Friday Funbag: How many NHL teams actually have a "starting" goalie?
Plus, how would I look at international NHL expansion?
Last night was the first night of Hanukkah.
Instead of watching hockey games live I did the responsible thing and focused on the family, hung out with the kids, and ordered a pizza — not a traditional holiday meal, but hey, no dishes.
After the kids fell asleep, I caught up and went through most of Thursday’s NHL action.
And a pressing thought kept coming back, particularly after watching the Detroit Red Wings 6-5 overtime loss to the San Jose Sharks.
How many NHL teams actually have a starting goalie?
In Detroit, for example, Alex Lyon has gone from the third-stringer to the top performer. Ville Husso’s performance against San Jose effectively locked that in for the time being. But it’s also only a temporary thing, and I wouldn’t bet that come playoff time — if Detroit is in — that Lyon is a lock to start Game 1.
In an age of platoons and timeshares, I think that playoff distinction is the most important thing to determine whether a team actually has a “starter.”
The two best teams in the league, the Vegas Golden Knights and Boston Bruins, use a timeshare system. While Adin Hill won the Stanley Cup last season, would it really be stunning if Logan Thompson played playoff games in 2024?
In Calgary, if they are to turn it around and make the playoffs, is Jacob Markstrom really the answer when Dustin Wolf will be waiting and ready?
So I played the game went myself and went through NHL depth charts and stats, and in my view there are only 13 “starting” goalies in the NHL in the traditional sense.
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No. 1 performers, playing well this season, who I’m confident will hold the net for Game 1 of the hypothetical playoffs no matter what.
That list includes: Connor Ingram (Arizona), Alexander Georgiev (Colorado), Jake Oettinger (Dallas), Sergei Bobrovsky (Florida), Cam Talbot (Los Angeles), Juuse Saros (Nashville), Ilya Sorokin (NY Islanders), Igor Shesterkin (NY Rangers), Carter Hart (Philadelphia), Tristan Jarry (Pittsburgh), Andrei Vasilevskiy (Tampa), Thatcher Demko (Vancouver), and Connor Hellebuyck (Winnipeg).
Moral of the story, goaltending controversy isn’t the exception, it’s the norm.
Anyways, let’s get to some of your questions.
Alexander Posani Good morning Sean, One thing that’s been on my mind for a few years is the future of expansion. The potential of NHL teams in Europe is something that’s been discussed for almost 50 years now. It would be a logistical nightmare, and I’m wondering how it would work? You’d need at least 4 teams over there just for travel purposes. Would their minor league affiliates be over here in North America, or would they use local teams? And most importantly, how would North American style hockey translate to a European fan base? I’ve watched a fair amount of NLA, DEL, SHL, and Liiga games, and while hockey is always hockey, the European game has its differences. Logistically, it sounds like a nightmare, and I would assume that’s why it hasn’t been done. How would you do it?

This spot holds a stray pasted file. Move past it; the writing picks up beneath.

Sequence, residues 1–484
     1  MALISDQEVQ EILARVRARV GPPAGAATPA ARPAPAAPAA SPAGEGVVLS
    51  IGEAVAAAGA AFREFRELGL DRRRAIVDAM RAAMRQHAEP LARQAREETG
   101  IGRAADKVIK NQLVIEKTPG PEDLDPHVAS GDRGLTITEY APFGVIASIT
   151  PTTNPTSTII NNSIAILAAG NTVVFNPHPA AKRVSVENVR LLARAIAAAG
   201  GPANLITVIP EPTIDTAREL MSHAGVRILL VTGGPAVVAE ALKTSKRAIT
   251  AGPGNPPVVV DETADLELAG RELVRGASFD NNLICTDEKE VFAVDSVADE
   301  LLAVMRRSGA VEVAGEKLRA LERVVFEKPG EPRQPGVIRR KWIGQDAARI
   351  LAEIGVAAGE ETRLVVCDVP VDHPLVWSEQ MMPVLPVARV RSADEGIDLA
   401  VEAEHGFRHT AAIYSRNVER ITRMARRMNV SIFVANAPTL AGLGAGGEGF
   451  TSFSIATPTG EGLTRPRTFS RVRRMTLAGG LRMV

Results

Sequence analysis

It would be a logistical nightmare.
Personally, I think the only North American sport that could actually expand internationally to Europe is the NFL.
And even for the NFL, which only plays 17 regular season games, there would be logistical time issues and questions that come up. The concept of playoff scheduling and re-seeding, and potentially mixing in a trans-Atlantic flight, ooff…
I don’t think the NHL should expand to Europe, it would be a mistake. But I do believe the league should better embrace its role in global competition.
The NHL Global Series is a good start, but it’s effectively playing a North American game in Europe.
I would like to see a rotation developed where four NHL teams a year to go to Europe for a preseason showcase that features the champions of the SHL, Liiga, DEL, and NLA.
Get a nice sponsor for it, get a TV network on board, and make it worthwhile. In return, you work out additional deals to get European teams to come to North America for a handful of games.
This is admittedly a pipe dream.
In the meantime, I would advise watching the Spengler Cup later this month. That’s a fun tournament and is always a good mix of International and North American flavor.
Max What are your thoughts on Miro this year?
With elite players we have these sliding scales.
Miro Heiskanen has been the Stars best defender, but he hasn’t played as well I would have like.
He’s great, but not great enough. It’s not really fair, but that’s the reality for No. 1 defenders that want to win Norris Trophies.
Part of this is on the setup, Heiskanen doesn’t have an ideal partner in Dallas so he’s asked to do more than Quinn Hughes or Cale Makar are asked to do their in respective situations.
But part of this still falls on Heiskanen. For a player who expects and delivers greatness, he’s also responsible for his own play on the ice.
Drew C. Is a breakup between Nills Lundkvist inevitable? Was this a scouting failure or did Nills not love up to his potential?
I wrote extensively about Lundkvist earlier this week, so I’ll refer people back to that piece.
But for a bit more, I will say this.
I don’t think it was a scouting failure, in fact I love the ideology behind the move. Dallas gambled and went for it on something, hopefully that doesn’t stop them from taking big swings in the future.
I don’t think the breakup is inevitable, but it will be difficult to mend fences and repair the wounds.